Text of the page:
Governor Cuomo officially announced that the Canadian battery resource recovery company Li-Cycle (founded in 2016 in Ontario) will build a lithium-ion battery recycling hub in Rochester, New York (for all types of lithium-ion batteries).
The $175 million investment is expected to bring more than 100 jobs to the Monroe County and allows for recycling an equivalent of 60,000 metric tons of spent lithium-ion batteries annually (it would be enough for 120,000 EV battery packs, assuming 500 kg per pack).
The construction should start next year, so the plant would be operational in 2022, providing cobalt, nickel and lithium on a commercial scale for new lithium-ion batteries.
"The company will invest over $175 million dollars in a lithium-ion battery recycling 'Hub' on a 15.4-acre parcel of land at Eastman Business Park (EBP). This is in addition to its Li-Cycle's first US 'Spoke' operation already located at the park in Monroe County. The company has committed to creating at least 100 new jobs at the Hub, in addition to the 23 who will be working at the Spoke facility."
"Li-Cycle's "Spoke" and "Hub" operations will complement each other. There will be several US-based Spokes that aggregate and refine spent, lithium-ion batteries so that the materials are separated and can be made into products. Rochester's Li-Cycle Spoke, due to open this Fall, will be capable of shredding up to 5,000 t/yr of spent lithium-ion batteries. Ultimately, the Hub operation in Rochester will receive battery materials from the Rochester Spoke and similar operations across the US, and process them further for use as raw materials in future manufacturing, including for new batteries."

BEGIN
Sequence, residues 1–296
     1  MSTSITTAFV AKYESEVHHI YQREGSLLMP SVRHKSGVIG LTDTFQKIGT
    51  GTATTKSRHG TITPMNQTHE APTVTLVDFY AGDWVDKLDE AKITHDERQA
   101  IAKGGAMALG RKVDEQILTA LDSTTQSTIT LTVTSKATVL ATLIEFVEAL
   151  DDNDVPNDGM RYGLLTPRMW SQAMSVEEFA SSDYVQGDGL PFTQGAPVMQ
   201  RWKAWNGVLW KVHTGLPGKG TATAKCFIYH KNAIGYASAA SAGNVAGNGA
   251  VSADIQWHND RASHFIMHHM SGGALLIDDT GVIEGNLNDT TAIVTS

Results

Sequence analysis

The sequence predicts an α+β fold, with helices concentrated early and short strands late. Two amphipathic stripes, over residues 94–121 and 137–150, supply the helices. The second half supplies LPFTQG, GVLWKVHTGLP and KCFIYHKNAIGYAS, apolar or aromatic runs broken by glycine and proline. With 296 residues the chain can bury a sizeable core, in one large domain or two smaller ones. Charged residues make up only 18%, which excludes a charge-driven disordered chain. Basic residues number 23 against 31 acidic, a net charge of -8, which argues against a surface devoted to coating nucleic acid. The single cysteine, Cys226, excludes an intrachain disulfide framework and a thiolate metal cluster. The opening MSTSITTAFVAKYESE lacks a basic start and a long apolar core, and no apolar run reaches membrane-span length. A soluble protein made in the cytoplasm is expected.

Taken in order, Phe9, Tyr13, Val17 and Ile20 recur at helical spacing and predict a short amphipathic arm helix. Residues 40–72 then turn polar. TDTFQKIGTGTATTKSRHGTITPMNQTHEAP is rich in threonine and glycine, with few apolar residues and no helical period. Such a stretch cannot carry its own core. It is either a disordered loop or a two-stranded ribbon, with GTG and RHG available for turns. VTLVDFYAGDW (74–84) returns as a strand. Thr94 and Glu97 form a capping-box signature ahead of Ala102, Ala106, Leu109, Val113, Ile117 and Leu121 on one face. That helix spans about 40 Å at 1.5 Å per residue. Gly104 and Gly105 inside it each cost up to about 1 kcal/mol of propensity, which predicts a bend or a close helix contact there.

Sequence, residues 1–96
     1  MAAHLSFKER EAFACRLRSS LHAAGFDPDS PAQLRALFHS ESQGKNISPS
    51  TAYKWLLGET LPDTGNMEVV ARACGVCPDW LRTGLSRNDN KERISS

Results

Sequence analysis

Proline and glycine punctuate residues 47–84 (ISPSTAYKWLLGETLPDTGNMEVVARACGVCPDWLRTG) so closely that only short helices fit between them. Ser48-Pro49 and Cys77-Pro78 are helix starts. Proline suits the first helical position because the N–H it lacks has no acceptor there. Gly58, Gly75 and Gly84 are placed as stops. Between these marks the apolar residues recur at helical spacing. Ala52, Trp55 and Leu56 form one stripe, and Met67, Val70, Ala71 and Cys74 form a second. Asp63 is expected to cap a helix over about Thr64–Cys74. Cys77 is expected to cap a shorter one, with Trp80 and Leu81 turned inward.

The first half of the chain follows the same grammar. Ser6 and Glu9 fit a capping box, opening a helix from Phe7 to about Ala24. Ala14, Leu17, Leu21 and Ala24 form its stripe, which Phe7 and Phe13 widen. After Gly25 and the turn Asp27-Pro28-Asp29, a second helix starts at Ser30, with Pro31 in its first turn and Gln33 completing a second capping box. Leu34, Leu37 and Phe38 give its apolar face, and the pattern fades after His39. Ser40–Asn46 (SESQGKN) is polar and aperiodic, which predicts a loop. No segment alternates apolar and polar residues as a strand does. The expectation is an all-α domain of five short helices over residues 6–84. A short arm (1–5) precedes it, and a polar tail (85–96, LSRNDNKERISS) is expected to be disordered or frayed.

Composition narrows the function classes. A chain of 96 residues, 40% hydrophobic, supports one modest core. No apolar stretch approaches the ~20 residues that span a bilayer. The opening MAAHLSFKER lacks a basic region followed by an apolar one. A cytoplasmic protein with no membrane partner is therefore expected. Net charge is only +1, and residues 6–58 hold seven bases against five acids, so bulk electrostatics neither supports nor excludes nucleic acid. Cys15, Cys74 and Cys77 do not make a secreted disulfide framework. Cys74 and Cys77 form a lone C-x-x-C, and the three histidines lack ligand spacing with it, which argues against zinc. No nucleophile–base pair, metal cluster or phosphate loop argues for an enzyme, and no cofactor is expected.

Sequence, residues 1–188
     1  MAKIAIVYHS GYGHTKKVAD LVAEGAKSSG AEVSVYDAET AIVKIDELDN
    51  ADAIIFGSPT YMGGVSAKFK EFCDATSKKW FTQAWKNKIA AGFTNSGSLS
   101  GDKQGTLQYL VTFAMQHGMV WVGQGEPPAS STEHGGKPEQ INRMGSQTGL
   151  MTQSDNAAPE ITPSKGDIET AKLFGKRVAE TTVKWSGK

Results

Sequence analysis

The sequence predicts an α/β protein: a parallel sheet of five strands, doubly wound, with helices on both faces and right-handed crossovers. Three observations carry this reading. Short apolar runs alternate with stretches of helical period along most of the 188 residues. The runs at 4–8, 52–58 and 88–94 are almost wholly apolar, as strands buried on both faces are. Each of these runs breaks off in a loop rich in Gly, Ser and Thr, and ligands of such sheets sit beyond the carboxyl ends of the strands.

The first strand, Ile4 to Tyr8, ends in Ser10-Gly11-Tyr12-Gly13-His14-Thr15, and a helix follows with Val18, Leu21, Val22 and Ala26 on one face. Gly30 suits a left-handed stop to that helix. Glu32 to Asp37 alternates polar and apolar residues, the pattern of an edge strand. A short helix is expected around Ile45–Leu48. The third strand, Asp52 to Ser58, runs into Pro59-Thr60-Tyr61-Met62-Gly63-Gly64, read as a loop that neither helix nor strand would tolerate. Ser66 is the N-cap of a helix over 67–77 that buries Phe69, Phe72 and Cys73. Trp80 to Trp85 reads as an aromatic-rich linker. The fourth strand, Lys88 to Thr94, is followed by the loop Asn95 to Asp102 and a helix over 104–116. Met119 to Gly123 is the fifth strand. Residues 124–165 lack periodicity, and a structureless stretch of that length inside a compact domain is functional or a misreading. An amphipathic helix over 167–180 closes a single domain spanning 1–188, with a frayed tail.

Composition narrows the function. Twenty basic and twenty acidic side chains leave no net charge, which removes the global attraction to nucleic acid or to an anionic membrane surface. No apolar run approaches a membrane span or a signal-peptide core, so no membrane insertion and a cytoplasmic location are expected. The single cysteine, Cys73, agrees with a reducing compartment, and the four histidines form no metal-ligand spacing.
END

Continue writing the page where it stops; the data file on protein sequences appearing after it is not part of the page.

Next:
According to the press release, the recycling process allows recovering 80 to 100% of battery materials, "while maintaining no wastewater discharge". For us, it's great to see that there are more and more recycling initiatives so no one will be able to say that the old batteries are littering the world.
"All materials that are recovered from lithium-ion batteries are either processed to the point of being reusable in battery production, thus closing the loop, reusable in other applications or sent for further processing to other recyclers (e.g. steel and plastics) to ensure all materials generated are being returned to the economy."